Group 8, DQ Response
Virginia Woolf, Mrs. Dalloway
Discussion Question: Why does Virginia Woolf add details like street names and full names for (even) minor characters?
The initial answer that I could come up with was also the most obvious: that she wanted to achieve a sense of verisimilitude for the reader so that the reader would be immersed into the fictional world she has created.
This made sense to me. The most commonly cited reason why a writer would include such specificities is to portray a nuance of realism to draw the reader in. Full names grant the reader a kind of intimacy, a kind of knowledge into the characters’ lives. Similarly, names to locales, particularly real-world locales, give an aura of place and time that helps to orientate the reader. Both of these tools, coupled with Woolf’s elaborate and ornate descriptions (what the streets look like, what the character is wearing, etc.) further propels the visual aspect of the writing, allowing the reader to further comprehend the work. The streets, cities and towns which Woolf alludes to all refer to real places (or at least places that existed in the past), and the informed reader would be able to garner further understanding through insights of the location, the environment and the setting.
Indeed, specificity and detail both add depth into the writing.
Yet, as I read the short biography on Woolf, as well as the Norton’s passage on Mrs Dalloway, I began to realize that perhaps Virginia Woolf had other, ulterior reasons to include such minute and intricate details, and that her motive was not primarily for the reader, but instead, for herself.
As a writer, I am told by the Norton, Woolf did not agree with the method of depicting topics “through gritty realism” but rather she “sought to render more intricately those aspects of consciousness in which she felt the truth of human experience lay” (2143). In essence, she prefers “stream of consciousness narration” (2144). So Woolf desires to go further than to simply inject scenes of realism through including names of locations and people, but rather, those things function as the rudimentary base of which she launches from. As the Norton goes on to say, she “found inspiration and material in the physical realities of the body and in the heavily trafficked and populated streets of London” (2144). For Woolf, she did not want specifics and details to rule as the primary focus of her work, but as the bolstering which would couch her streams of consciousness and give it structure and depth. In her own words: “I dig out beautiful caves behind my characters” and “the caves shall connect” (2155). Therefore, Woolf added these details, not necessarily for the reader’s benefit, but for her own. She acquired and imagined these intricate characters in her mind to such a acute degree that when she sat down to write in her stream of consciousness manner, the specifics simply came. She had designed her characters so that they came alive in her mind and became, as it were, real to her. Similarly, for street and city names (especially the streets of London, where she resided), there were innate and intimate ideas that she has related to those places and this gives her the inspiration and authority to write about those locales with confidence.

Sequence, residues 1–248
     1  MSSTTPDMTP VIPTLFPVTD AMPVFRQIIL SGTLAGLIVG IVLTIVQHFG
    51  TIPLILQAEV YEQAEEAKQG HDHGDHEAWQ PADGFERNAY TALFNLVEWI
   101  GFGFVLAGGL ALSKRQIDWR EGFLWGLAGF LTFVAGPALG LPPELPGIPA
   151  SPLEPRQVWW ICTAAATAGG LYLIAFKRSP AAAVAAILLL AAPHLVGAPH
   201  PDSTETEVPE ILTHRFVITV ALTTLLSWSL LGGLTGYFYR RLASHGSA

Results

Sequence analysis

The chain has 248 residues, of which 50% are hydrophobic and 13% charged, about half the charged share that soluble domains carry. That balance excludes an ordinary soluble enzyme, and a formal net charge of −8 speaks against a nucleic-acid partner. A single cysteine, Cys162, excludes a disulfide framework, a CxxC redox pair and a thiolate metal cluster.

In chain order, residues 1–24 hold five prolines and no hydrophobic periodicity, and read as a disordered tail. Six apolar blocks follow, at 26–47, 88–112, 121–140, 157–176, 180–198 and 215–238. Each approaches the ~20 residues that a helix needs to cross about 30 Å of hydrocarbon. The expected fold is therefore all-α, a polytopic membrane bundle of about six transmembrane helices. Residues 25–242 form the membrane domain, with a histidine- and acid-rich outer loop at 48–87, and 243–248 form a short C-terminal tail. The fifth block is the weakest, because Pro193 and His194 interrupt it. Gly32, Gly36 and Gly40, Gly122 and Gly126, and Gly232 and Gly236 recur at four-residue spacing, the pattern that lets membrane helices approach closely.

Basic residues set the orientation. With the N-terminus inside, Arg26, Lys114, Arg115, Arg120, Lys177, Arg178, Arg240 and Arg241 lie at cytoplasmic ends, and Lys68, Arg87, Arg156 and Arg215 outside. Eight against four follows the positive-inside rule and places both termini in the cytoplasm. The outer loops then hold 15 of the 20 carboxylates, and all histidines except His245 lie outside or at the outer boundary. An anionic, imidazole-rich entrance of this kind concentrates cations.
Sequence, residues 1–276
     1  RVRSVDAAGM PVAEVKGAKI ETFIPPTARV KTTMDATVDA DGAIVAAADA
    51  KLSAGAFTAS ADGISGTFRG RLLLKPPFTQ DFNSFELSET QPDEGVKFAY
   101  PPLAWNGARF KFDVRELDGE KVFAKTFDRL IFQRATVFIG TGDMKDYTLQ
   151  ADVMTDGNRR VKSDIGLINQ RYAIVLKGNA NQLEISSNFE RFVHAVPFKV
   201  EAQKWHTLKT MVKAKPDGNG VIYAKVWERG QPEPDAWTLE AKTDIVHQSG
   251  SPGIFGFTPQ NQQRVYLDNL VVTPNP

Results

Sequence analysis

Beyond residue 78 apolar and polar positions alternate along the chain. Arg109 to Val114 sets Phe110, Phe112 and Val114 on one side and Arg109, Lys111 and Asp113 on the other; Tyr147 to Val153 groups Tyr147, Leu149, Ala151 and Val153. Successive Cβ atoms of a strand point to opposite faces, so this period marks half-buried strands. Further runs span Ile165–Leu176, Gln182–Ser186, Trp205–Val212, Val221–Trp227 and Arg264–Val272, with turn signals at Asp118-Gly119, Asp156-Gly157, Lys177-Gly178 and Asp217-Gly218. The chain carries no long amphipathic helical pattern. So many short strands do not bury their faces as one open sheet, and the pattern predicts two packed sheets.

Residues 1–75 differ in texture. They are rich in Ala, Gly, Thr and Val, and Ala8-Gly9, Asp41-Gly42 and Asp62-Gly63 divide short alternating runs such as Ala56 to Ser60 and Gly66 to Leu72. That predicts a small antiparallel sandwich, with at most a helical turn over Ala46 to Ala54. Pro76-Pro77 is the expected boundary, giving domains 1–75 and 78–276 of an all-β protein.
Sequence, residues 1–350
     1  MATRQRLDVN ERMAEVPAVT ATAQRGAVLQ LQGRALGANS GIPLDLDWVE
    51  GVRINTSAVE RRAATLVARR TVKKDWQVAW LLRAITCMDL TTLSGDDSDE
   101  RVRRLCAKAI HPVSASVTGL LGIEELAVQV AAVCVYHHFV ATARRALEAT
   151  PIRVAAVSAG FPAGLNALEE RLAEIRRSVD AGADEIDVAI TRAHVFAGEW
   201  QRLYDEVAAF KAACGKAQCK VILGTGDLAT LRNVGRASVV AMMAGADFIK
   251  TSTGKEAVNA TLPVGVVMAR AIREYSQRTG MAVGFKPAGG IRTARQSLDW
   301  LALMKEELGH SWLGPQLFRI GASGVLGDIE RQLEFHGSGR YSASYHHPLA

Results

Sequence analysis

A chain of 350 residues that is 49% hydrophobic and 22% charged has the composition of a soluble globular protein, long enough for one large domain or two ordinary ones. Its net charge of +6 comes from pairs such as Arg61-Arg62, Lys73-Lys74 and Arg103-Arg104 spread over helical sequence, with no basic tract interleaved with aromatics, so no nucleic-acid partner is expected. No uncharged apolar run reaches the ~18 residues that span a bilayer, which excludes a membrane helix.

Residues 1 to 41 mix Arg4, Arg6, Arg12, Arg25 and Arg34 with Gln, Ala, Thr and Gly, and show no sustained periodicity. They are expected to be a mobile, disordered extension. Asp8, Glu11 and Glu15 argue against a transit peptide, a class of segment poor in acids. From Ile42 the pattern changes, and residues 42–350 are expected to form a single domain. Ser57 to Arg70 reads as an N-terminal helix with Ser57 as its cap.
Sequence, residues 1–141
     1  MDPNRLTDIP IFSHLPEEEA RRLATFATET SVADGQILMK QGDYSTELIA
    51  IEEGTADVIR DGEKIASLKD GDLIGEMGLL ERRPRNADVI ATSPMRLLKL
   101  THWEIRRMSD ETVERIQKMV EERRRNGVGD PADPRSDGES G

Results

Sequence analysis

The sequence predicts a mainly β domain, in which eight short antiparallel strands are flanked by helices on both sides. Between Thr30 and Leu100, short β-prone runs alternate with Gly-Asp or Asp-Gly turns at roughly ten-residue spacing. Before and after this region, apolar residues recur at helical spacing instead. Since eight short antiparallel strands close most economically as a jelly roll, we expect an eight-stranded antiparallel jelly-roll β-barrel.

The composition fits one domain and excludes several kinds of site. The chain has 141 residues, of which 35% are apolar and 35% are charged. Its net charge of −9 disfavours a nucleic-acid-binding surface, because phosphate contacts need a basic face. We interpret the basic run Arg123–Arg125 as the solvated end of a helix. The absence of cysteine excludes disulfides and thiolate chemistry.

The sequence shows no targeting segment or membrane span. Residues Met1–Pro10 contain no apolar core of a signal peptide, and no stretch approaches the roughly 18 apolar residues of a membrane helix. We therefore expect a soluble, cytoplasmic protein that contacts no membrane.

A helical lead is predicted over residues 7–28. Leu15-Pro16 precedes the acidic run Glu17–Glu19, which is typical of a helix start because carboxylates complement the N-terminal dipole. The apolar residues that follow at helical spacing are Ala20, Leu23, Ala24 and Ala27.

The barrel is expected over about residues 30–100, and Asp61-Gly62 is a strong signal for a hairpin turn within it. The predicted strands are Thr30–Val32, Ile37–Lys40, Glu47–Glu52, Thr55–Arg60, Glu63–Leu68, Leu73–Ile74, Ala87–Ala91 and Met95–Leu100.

In conclusion, once Woolf’s own personal understandings of her characters and places are solidified within her mind and her writing, the readers are also then able to benefit from the rich complexities and elaborate details of the world which she has created, not only to be experienced, but also inhabited.
Ramazani, Jahan and Jon Stallworthy, eds. “Virginia Woolf”. The Norton Anthology of English Literature. Ed. Stephen Greenblatt. 9th ed. Vol. F. New York: W.W. Norton & Company, Inc., 2012. 2143-44. Print.
Ramazani, Jahan and Jon Stallworthy, eds. “Mrs. Dalloway”. The Norton Anthology of English Literature. Ed. Stephen Greenblatt. 9th ed. Vol. F. New York: W.W. Norton & Company, Inc., 2012. 2155-56. Print.